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Integrated Diode Circuits for Greater Than 1 THz

Schoenthal, Gerhard Siegbert
Thesis/Dissertation; Online
Schoenthal, Gerhard Siegbert
Crowe, Thomas
The terahertz frequency band, spanning from roughly 100 GHz to 10 THz, forms the transition from electronics to photonics. This band is often referred to as the "terahertz technology gap" because it lacks typical microwave and optical components. The deficit of terahertz devices makes it difficult to conduct important scientific measurements that are exclusive to this band in fields such as radio astronomy and chemical spectroscopy. In addition, a number of scientific, military and commercial applications will become more practical when a suitable terahertz technology is developed. UVa's Applied Electrophysics Laboratory has extended non-linear microwave diode technology into the terahertz region. Initial success was achieved with whisker-contacted diodes and then discrete planar Schottky diodes soldered onto quartz circuits. Work at UVa and the Jet Propulsion Laboratory succeeded in integrating this diode technology onto low dielectric substrates, thereby producing more practical components with greater yield and improved performance. However, the development of circuit integration technologies for greater than 1 THz and the development of broadly tunable sources of terahertz power remain as major research goals. Meeting these critical needs is the primary motivation for this research. To achieve this goal and demonstrate a useful prototype for one of our sponsors, this research project has focused on the development of a Sideband Generator at 1.6 THz. This component allows use of a fixed narrow band source as a tunable power source for terahertz spectroscopy and compact range radar. To prove the new fabrication and circuit technologies, initial devices were fabricated and tested at 200 and 600 GHz. These circuits included non--ohmic cathodes, air-bridged fingers, oxideless anode formation, and improved quartz integration processes. The excellent performance of these components validated these new concepts. The prototype process was then further optimized to produce a substantially increased yield and to maintain excellent performance at 1.6 THz. The successful fabrication of integrated 1.6 THz SBG circuits establishes the viability of the new processes for terahertz applications. Additionally, this new technology can also be applied to other components, such as mixers, multipliers, and direct detectors thereby helping to close the terahertz technology gap.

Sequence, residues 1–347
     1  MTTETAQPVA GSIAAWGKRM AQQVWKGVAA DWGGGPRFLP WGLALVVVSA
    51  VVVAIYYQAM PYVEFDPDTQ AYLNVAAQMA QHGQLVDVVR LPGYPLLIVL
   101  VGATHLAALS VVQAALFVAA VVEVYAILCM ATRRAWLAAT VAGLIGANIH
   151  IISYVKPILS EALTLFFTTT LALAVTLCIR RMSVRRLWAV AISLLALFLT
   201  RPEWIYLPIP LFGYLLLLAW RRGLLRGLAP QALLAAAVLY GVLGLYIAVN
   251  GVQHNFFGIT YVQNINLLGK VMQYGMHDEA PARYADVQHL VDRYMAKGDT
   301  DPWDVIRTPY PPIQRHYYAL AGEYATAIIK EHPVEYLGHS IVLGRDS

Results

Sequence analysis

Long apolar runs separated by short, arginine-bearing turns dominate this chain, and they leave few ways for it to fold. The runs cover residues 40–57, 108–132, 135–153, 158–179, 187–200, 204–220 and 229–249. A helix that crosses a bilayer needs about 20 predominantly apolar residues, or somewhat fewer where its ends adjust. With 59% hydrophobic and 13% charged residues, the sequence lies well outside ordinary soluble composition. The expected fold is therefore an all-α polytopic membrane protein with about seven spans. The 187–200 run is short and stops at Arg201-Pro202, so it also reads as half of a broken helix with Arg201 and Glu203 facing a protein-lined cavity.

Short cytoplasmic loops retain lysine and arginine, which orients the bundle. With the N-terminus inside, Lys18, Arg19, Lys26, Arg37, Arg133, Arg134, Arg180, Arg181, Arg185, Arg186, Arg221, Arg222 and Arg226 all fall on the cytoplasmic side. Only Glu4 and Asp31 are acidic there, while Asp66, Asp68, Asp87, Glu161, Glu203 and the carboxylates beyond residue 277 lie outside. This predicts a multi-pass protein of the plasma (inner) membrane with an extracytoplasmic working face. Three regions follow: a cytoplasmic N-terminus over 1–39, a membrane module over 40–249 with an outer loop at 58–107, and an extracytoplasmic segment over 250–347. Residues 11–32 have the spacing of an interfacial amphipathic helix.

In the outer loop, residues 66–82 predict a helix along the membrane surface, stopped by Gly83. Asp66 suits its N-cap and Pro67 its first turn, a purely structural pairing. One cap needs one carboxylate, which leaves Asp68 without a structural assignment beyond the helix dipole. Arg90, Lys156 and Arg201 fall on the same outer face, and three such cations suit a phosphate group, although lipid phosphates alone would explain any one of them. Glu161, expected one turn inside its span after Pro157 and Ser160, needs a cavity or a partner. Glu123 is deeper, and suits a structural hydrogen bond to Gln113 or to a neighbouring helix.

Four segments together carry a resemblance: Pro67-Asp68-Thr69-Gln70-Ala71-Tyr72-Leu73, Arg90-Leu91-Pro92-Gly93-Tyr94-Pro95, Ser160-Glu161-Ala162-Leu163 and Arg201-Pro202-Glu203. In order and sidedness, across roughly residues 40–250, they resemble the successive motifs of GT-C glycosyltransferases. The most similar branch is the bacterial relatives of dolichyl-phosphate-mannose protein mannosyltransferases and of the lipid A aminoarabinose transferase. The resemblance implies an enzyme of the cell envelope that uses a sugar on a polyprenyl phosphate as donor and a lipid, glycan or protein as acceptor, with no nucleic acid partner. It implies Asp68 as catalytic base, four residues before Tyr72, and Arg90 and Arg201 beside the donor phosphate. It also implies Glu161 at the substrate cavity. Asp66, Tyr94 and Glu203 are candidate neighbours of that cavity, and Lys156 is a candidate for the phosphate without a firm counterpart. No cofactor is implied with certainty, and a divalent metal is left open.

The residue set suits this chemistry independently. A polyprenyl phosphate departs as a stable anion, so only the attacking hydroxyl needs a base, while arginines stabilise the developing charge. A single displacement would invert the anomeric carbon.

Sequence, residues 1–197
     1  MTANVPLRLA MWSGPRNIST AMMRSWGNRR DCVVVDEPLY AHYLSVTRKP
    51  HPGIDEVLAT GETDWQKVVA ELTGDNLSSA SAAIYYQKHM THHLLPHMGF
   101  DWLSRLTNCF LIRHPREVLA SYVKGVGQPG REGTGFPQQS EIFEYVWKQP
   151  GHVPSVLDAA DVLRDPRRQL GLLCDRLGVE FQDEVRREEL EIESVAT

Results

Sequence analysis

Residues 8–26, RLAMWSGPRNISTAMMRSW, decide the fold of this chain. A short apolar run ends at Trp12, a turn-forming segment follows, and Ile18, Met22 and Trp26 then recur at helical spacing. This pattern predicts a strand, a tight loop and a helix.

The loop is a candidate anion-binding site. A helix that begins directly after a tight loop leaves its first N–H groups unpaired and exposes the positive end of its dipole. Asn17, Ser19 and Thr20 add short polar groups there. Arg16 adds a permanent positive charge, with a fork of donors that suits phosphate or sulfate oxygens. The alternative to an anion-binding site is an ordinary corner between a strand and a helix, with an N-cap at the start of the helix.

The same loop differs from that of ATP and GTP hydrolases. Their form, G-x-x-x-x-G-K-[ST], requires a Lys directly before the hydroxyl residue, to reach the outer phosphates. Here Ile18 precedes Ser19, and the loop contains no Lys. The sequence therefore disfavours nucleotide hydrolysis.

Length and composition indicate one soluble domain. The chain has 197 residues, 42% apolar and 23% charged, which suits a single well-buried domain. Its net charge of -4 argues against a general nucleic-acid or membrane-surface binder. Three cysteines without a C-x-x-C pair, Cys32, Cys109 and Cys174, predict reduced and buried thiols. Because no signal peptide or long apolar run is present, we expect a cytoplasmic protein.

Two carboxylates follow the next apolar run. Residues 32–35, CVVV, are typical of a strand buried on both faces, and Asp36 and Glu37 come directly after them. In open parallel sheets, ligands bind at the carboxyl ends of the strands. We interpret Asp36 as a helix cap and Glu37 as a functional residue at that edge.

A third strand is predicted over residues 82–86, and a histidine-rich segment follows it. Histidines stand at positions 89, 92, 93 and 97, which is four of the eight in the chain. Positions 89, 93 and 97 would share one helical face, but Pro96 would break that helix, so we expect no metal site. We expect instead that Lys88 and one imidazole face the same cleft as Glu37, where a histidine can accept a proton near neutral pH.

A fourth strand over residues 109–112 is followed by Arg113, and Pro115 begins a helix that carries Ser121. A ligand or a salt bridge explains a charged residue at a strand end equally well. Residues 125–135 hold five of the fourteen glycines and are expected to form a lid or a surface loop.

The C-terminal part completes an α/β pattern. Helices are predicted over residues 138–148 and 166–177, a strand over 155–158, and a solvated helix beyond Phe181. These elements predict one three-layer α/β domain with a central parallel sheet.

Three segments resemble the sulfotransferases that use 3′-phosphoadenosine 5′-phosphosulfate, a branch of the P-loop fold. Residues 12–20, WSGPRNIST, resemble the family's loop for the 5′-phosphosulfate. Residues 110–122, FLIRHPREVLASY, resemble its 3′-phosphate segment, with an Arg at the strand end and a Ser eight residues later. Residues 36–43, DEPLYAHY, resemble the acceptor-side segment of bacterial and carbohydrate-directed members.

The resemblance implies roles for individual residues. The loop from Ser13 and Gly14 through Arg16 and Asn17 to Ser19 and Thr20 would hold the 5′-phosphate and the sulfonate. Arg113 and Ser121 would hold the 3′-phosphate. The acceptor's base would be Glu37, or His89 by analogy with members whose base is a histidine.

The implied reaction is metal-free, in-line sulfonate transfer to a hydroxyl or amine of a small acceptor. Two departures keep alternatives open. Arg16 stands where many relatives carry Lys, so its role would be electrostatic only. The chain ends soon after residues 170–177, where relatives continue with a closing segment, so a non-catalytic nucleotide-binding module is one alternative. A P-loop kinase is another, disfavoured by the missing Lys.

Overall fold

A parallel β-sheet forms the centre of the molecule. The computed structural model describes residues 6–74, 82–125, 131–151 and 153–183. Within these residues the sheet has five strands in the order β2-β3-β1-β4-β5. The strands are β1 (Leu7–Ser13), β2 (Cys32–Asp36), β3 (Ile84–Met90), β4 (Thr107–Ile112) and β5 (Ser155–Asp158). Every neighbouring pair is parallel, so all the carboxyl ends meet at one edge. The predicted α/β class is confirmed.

University of Virginia, Department of Physics, PhD, 2003
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